One might easily be forgiven for thinking that the drama over the Downing Street parties is a purely domestic issue. The numerous allegations of parties and eventual admission made by the PM that he was indeed at one of the events has been met with anger and disgust in local constituencies across the nation. Alongside these, good old-fashioned British humour in the form of parodies, memes and sketches have circulated across social media and television, with everyone from football pundits Gary Neville and Jamie Carragher to a group of Boris-masked dancers outside Downing Street mocking the PM.

Yet, a more serious observation of the current situation suggests that the fallout of the revelations may not have only domestic consequences, but international ones too. Many miles from Westminster, Russian military forces numbering around 100,000 have been deployed along the Ukrainian border. Whilst the Russian Deputy Foreign Minister claimed Russia has “no intentions to attack…”, President Putin has suggested “retaliatory military-technical measures” could be implemented, should the West’s approach remain unchanged (BBC News). NATO’s General Secretary Jens Stoltenberg is clear that a risk of conflict is real, and the Pentagon warns of a potential so-called false-flag operation, carried out by Russian operatives as a pretext to invade the Ukraine.

Despite this, the West seems both uncertain and distracted. The US-led withdrawal from Afghanistan has raised questions over to what extent its allies can rely on US support. In Germany, it remains to be seen how a new coalition led by Chancellor Olaf Scholz will fill the boots of Angela Merkel on the global stage, whilst President Macron of France faces a Presidential Election in April. This is capped off by the continuing presence of coronavirus, where cases in Europe continue to rise.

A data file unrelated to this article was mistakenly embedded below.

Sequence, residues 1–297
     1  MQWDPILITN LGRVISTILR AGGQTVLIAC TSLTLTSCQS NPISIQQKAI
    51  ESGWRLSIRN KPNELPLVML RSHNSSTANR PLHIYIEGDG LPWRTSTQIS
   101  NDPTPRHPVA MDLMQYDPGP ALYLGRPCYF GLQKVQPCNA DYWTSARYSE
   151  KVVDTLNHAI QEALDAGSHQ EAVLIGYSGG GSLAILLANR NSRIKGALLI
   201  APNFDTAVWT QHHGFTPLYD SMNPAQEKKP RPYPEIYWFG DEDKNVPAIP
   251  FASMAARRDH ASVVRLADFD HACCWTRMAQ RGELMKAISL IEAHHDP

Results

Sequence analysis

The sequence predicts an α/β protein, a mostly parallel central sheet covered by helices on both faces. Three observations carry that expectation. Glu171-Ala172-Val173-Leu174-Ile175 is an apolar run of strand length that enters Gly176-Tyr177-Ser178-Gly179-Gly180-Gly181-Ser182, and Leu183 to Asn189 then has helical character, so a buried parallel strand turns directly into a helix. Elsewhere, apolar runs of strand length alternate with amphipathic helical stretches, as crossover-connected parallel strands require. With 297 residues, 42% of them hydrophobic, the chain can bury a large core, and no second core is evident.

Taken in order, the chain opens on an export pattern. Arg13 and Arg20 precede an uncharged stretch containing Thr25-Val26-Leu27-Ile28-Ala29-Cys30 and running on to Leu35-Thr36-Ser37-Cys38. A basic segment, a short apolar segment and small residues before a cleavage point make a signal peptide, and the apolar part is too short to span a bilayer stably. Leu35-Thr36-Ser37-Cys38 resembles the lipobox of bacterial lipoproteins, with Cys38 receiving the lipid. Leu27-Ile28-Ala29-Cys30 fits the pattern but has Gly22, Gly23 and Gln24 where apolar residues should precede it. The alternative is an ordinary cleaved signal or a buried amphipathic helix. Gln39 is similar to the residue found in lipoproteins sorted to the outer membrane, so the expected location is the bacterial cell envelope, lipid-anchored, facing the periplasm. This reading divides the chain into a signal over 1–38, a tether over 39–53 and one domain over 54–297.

And thus, heads turn towards the UK – a historically critical player in international conflicts and tensions. Yet instead of planning operational responses to potential Russian aggression, two irrelated operations are the talk of Westminster and No10. According to reports from across the political spectrum. Operation ‘Save Big Dog’ and Operation ‘Red Meat’ have been launched in an effort to save the PMs job. Whilst ‘Save Big Dog’ aims to portray a change in culture at Downing Street via a clear-out of officials, Operation ‘Red Meat’ has greater political repercussions.

Operation ‘Red Meat’ can be understood as a rollout of policies popular with Conservative backbench MPs. In other words, they are an effort to appease those MPs who hold Johnson’s political future in their hands. This rollout of multiple policies not only distracts politicians from major foreign policy issues, but could harm operational planning by military branches.

This is best seen in plans to give the Armed Forces, and hence the Navy, command over operations in the Channel, aimed at deterring migrant crossings. The Conservative chairman of the Defence Select Committee, Tobias Ellwood, confirmed to Sky News his belief that such a policy is a “massive distraction” for the military at a time where focus should be on China and Russia. Therefore, government efforts to solve a ‘domestic issue’, prove themselves to have a direct impact on foreign policy and planning.